While video footage from her car's camera showed she had not been speeding, she had not stopped at the junction at all and had swerved fairly abruptly, "barely seconds before the motorcyclist was about to cross the junction as well".

The judge decided that either her attention was diverted elsewhere or she had exercised appallingly poor judgment.

He dismissed her claim that she had mistaken the motorcycle's headlight for a street light.

Still, her guilty plea, remorse shown, clean record of 20 years and the fact that she stopped to help the victim, justified reducing the sentence to one week in prison, the judge added.

At the close of his written judgment, Justice See described her use of the MP's letter as "somewhat troubling" given that the statements within "sought to unfairly trivialise the accident and diminish the true extent of the victim's substantial injuries".

It was not stated in his judgment which MP sent the letter on Tang's behalf to the State Courts.

While video footage from her car's camera showed she had not been speeding, she had not stopped at the junction at all and had swerved fairly abruptly, "barely seconds before the motorcyclist was about to cross the junction as well". The judge decided that either her attention was diverted elsewhere or she had exercised appallingly poor judgment.

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More regular Medisave payments, injury insurance among moves for self-employed

Business Times
22 Feb 2018
Janice Heng

SELF-EMPLOYED persons should make Medisave contributions as they earn, instead of annually. Corporate service-buyers and intermediaries that link the self-employed with clients - such as ride-hailing platform Grab - should also be required to help deduct and transmit these Medisave contributions.

These are among several recommendations by a tripartite workgroup that the government has accepted, with details to come in next month's Committee of Supply debate.

Grab Singapore head Lim Kell Jay said the company is "extremely supportive of the recommendations". Grab already makes contributions to its drivers' Medisave accounts.

"With the proposed recommendations, we look forward to working closely with the tripartite workgroup to discuss how best to implement any additional requirements that will further support our driver-partners," he added.

One in 10 workers in Singapore is self-employed. Almost half of these 200,100 workers hold traditional occupations: taxi drivers, real estate agents, insurance agents and working proprietors. The group is otherwise diverse, with only seven occupations numbering over 10,000 each.

Formed in March 2017, the Tripartite Workgroup on Self-Employed Persons identified four challenges after consulting about 200 self-employed persons as well as associations, businesses and government agencies.

First, payment-related disputes. Noting that these often arise from the absence or inadequacy of written contracts, the workgroup proposed a tripartite standard for engaging the services of the self-employed.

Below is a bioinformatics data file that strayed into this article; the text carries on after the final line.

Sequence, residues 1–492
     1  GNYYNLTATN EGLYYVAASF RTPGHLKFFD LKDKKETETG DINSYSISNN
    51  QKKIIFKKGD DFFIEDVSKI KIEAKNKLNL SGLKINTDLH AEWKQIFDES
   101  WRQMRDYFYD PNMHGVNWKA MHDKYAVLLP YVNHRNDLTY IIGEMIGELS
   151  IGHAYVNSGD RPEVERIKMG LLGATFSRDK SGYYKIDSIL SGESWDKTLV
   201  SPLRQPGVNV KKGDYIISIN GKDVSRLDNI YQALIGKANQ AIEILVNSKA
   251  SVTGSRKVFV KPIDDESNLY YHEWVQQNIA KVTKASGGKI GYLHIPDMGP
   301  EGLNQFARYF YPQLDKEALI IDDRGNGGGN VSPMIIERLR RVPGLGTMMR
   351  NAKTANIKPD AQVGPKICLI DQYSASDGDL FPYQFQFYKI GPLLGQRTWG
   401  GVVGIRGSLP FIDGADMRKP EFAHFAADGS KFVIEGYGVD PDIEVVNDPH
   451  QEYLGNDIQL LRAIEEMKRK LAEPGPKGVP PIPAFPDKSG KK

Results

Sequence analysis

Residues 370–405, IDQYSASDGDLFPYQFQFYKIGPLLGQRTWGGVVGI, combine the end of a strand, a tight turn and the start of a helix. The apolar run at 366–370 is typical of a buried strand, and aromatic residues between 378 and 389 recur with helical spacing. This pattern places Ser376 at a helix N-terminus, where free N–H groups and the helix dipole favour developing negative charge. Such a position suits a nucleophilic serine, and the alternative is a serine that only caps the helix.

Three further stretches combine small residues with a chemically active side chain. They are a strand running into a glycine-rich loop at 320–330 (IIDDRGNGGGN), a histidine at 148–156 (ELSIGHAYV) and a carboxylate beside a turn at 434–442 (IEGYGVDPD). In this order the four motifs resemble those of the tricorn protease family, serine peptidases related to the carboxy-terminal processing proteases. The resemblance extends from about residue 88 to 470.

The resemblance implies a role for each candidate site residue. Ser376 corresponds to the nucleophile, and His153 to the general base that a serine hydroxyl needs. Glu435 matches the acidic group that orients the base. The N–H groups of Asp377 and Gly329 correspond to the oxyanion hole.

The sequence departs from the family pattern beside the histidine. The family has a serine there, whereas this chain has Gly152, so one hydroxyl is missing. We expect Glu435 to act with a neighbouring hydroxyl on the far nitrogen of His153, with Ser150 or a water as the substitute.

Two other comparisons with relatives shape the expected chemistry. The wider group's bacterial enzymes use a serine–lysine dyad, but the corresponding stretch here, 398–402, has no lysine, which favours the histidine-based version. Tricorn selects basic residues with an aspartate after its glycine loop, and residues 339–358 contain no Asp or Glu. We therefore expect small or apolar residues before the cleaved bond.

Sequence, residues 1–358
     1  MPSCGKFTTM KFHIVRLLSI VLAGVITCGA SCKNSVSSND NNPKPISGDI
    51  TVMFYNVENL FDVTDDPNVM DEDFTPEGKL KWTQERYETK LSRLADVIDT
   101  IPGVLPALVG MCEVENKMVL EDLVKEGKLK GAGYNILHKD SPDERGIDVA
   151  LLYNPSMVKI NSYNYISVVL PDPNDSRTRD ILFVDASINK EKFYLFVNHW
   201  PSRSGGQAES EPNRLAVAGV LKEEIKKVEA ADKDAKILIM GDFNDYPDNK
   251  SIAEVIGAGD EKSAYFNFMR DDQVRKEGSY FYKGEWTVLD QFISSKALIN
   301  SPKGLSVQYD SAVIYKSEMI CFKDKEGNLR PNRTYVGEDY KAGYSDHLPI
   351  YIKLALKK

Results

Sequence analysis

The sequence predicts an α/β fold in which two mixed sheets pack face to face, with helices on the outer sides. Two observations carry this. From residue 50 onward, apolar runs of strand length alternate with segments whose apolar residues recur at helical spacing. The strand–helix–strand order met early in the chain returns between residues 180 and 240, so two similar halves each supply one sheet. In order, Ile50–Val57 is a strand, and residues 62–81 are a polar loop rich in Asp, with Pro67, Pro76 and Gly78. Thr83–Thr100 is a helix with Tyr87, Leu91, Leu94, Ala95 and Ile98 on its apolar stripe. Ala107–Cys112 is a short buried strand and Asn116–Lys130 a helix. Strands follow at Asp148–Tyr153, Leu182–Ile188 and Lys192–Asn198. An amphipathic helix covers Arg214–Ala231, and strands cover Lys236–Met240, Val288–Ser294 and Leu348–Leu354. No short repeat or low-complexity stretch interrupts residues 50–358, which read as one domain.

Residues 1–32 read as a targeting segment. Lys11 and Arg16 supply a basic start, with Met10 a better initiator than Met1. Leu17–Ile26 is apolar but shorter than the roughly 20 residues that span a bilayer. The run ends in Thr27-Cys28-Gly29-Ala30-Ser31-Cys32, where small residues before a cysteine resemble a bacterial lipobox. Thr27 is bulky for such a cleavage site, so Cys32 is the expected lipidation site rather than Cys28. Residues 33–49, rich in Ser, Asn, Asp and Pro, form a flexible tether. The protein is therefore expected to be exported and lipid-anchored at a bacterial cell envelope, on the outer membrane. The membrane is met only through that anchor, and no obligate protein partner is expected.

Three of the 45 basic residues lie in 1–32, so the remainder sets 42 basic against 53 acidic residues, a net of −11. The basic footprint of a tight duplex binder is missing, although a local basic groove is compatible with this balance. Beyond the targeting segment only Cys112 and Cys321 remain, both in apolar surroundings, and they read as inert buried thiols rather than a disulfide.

Such standards do not have the force of law but businesses which commit to them must uphold them.

The tripartite standard would require adopters to provide written contracts covering key items such as the payment schedule and amount, and parties' obligations.

More sector agencies should help in mediation, added the workgroup. The Tripartite Alliance for Dispute Management's voluntary mediation services - available to employees and employers - could also be extended to the self-employed.

Second, freelancers lack protection against loss of income from prolonged illness or injury. Some insurance policies include such a rider, but there is no standalone product.

Tripartite partners should work with the insurance industry to make such a product available, said the workgroup. This could pay a daily cash benefit for hospitalisation episodes exceeding one to three days, or outpatient medical leave exceeding seven to 14 days.

Such insurance should not be mandatory but could be promoted in higher-risk occupations, said the workgroup. This could take the form of licensing controls for jobs such as taxi drivers or private-hire drivers.

Where the government is a service-buyer, such as with sports coaches, it could use that role to push for adoption.

Third, freelancers have a relative lack of Central Provident Fund (CPF) savings. And while it is already mandatory for the self-employed to contribute to their Medisave accounts annually, cash-flow issues mean one in four have not met this obligation.

To improve compliance, a contribute-as-you-earn Medisave model could be adopted. Intermediaries and corporate service buyers could be required to deduct and transmit the Medisave contribution at point of payment.

The workgroup also recommended that the government further study how such a model could work when intermediaries are not involved in service payment - such as with taxi operators and taxi drivers.

Yeo Wan Ling, chief executive officer of online caregiving services platform Caregiver Asia, said: "We will definitely be keen to work with the CPF Board, if available, to seamlessly connect with their system to make it easier for freelancers to contribute to their Medisave directly from our platform." The platform has some 2,000 active caregivers.